Wednesday, July 6, 2016

Encyclia cordigera Blooming On A SoCal Tree

Ok, maybe there shouldn't be an Encyclia cordigera on EVERY tree in SoCal... but it should certainly be on MOST trees! It does like heat though so the closer to the coast you live the more full sun you'd have to give it.

The large Tillandsia is Tillandsia ehlersiana. Thanks Andy!

I'm uploading this video for my friend Carlos in Brazil...

He doesn't have any videos yet! But I can't complain too much because he does share quite a few photos...

Here are some other links that should hopefully be of some interest...

Tuesday, July 5, 2016

The Largest/Longest Orchid Seeds?

On 29 June I received a box from a really nice friend.  Thanks friend!  The box contained some super neat mini Tillandsias and a couple tubes of orchid seeds...

Epidendrum wrightii
Schomburkia undulata

The Epi is a species of reed-stem so I was very curious whether its seeds are as exceptional as the other reed seeds that I've sown.  My friend had informed me that the wrightii seeds contain lots of "cotton".  This was interesting to hear because I typically associate cotton with monopodial orchid seeds.  When I saw the wrightii seeds they did indeed look like they had lots of cotton.  Upon closer inspection I realized that, unlike with monopodial orchid seeds, the wrightii cotton was actually part of the seed!

The seeds with long "tails" are the wrightii seeds.  Interspersed with the wrightii seeds are seeds from Epi radicans x Epc Orange Blaze.  Above the penny are seeds of Schomburkia undulata.

Here's what the wrightii seeds looked like after I soaked them for one night...

They clumped together just like Tillandsia seeds do when you put them in water.  Perhaps soaking before sowing isn't the best approach for wrightii seeds!

Here's some basic info about orchid seeds...

The orchid seed has no endosperm.  The seed consists of a simple, dry outer coat with a small mass of undifferentiated cells which form a pro-embryo.  This unit can be easily carried in air currents and may travel long distances before coming to rest.  - Calaway Dodson, Robert Gillespie, The Biology of the Orchids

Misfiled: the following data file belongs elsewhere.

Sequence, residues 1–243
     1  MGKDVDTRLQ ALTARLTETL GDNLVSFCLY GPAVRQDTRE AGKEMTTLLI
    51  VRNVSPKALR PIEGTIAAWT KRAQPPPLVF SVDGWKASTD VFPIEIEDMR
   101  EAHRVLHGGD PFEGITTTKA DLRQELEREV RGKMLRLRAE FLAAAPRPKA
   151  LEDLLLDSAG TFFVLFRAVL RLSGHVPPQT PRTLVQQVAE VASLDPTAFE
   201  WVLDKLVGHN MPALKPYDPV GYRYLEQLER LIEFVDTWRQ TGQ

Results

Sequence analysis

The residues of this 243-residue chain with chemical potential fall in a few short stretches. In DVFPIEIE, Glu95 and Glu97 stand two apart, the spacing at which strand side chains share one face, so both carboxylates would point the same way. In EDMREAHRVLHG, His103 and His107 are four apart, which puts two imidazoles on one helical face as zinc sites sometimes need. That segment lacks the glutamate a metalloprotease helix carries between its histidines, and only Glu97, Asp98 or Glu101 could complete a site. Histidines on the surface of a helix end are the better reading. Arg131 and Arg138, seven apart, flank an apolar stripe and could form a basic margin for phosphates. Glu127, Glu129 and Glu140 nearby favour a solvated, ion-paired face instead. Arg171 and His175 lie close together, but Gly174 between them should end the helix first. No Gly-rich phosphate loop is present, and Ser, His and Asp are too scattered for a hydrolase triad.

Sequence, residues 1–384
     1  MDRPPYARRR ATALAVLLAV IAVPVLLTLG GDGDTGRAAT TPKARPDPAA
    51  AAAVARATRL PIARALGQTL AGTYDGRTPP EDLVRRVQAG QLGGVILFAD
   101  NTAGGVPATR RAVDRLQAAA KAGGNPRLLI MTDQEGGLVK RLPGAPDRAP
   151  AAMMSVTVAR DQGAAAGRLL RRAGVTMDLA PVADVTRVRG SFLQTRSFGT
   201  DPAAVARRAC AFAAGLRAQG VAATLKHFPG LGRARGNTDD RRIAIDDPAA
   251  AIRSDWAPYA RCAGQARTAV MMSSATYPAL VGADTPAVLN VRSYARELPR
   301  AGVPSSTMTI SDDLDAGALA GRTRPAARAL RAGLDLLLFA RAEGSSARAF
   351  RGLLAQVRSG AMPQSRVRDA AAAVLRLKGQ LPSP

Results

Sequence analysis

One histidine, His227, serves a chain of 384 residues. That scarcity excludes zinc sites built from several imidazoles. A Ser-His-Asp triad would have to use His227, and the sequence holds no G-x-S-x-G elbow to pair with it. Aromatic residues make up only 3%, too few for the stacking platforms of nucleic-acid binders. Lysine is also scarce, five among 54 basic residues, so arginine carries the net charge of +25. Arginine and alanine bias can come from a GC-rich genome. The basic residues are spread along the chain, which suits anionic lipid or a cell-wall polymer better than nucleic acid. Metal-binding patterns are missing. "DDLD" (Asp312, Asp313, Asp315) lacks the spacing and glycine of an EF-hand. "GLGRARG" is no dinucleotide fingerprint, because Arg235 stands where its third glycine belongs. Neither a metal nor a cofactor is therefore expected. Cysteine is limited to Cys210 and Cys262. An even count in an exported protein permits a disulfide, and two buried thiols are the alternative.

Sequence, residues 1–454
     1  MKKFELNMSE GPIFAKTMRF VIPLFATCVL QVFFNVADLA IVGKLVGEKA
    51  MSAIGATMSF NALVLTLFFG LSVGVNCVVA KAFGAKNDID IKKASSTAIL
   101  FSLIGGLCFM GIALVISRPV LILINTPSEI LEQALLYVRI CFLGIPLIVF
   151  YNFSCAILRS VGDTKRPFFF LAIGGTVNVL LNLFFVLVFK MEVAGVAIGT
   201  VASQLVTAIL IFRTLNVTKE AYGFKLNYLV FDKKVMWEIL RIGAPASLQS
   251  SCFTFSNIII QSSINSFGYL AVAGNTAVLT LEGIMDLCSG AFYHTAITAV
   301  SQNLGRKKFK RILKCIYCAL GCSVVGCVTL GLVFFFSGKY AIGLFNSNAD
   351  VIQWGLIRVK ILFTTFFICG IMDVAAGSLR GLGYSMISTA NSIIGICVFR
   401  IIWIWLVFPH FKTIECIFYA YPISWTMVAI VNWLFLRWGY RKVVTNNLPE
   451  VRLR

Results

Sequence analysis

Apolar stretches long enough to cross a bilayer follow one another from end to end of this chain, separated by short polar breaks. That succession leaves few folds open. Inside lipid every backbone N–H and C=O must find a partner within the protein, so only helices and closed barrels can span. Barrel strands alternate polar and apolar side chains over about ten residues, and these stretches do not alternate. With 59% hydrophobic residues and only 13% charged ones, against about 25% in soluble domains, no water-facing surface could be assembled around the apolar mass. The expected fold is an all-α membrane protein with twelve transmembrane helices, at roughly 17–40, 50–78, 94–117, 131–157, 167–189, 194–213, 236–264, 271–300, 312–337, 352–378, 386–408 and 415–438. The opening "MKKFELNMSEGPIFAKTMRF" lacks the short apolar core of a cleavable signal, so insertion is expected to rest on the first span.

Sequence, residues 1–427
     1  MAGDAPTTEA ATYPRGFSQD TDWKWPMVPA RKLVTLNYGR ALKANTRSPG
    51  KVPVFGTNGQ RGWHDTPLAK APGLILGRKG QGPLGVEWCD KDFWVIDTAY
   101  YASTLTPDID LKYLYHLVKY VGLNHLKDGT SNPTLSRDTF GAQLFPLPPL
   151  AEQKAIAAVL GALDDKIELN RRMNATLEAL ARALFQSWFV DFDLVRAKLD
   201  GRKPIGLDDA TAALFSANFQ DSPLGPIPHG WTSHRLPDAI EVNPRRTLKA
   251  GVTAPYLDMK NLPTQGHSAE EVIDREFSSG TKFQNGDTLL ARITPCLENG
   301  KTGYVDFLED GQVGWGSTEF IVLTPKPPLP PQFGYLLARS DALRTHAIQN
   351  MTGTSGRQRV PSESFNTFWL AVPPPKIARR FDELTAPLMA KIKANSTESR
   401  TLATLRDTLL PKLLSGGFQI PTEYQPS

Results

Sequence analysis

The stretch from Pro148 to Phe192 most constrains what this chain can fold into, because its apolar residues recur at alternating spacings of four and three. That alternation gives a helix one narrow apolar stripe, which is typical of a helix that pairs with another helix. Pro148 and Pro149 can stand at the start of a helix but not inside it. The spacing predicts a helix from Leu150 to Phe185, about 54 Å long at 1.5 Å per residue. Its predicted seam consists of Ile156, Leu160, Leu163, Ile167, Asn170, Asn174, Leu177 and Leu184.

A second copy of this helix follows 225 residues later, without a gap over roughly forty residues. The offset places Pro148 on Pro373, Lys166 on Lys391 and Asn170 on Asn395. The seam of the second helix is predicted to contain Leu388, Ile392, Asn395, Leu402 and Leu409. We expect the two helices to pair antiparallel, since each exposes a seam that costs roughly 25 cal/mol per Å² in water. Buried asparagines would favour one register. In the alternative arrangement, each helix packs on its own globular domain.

Some more info...

Numerous mechanisms and devices promote appropriate carriage and secure anchorage.  The buoyancy of orchidaceous "dust" seeds is due not only to small size but also to a large airspace between embryo and testa; wall sculpturing and overall shape (usually fusiform) also help to keep them aloft and may encourage attachment to rough bark.  Tillandsioid bromeliad seeds feature hooked coma hairs for better attachment; similar devices on a much smaller scale adorn microsperms of shootless Chiloschista. - David Benzing, Vascular Epiphytes


Experiments indicate that buoyancy and mobility correlate with the apportionment of mass between the coma and the seed proper.   - David Benzing, Bromeliaceae: Profile of an Adaptive Radiation
More broadly, the epiphytes achieved relatively low terminal velocities at least in part because they allocate proportionally more biomass to the coma vs the seed proper.  Percentages (60.0-61.7%) of the aggregate seed mass represented by the flight apparatus grouped the obligate (T. utriculata and T. fasciculata) and faculative (T. ionochroma) epiphytes together, with saxicolous T. sphaerocephala (41%) as the outlier.  In short, the more consistently bark-dependent the taxon, the greater the relative cost of the coma, the more buoyant its seeds, and the greater the dispersal range.  - David Benzing, Bromeliaceae: Profile of an Adaptive Radiation

All Tillandsia seeds have endosperm.  This makes them heavier than orchid seeds.  In order to achieve greater buoyancy and travel greater distances... the Tillandsia seeds have "parachutes"... aka "comas".  The larger the coma, the more epiphytic the Tillandsia.

Does Epidendrum wrightii have a coma?  Kinda?  We can guess that the point of these appendages is to increase buoyancy and to help the seeds attach to bark.  But why don't other orchid seeds have these appendages?  Maybe they don't need them because they aren't as heavy as the seeds of Epi wrightii?  This would imply that, unlike orchid seeds, the seeds of Epi wrightii do have at least some endosperm.  And if most reed-stem Epis do have some endosperm... then we can guess that Epi wrightii is more epiphytic than most reed-stems.

According to Wikipedia (and Arditti and Ghani)... Epidendrum secundum has the distinction of having the longest seeds in the orchid family... 6.0 mm long.  Let's take another look at the comparison photo I took...

The penny is 19.05 mm in diameter... or around three Epi secundum seeds.  In the above photo we can see that the seeds of the Epi radicans cross have a short tail.  We can guess that Epi secundum seeds have a longer tail.  We can also guess that this is what Arditti and Ghani included in their measurement of the Epi secundum seeds.  So if we're including tails in the measurement of orchid seeds... then the seeds of Epi wrightii are a lot longer than the seeds of Epi secundum.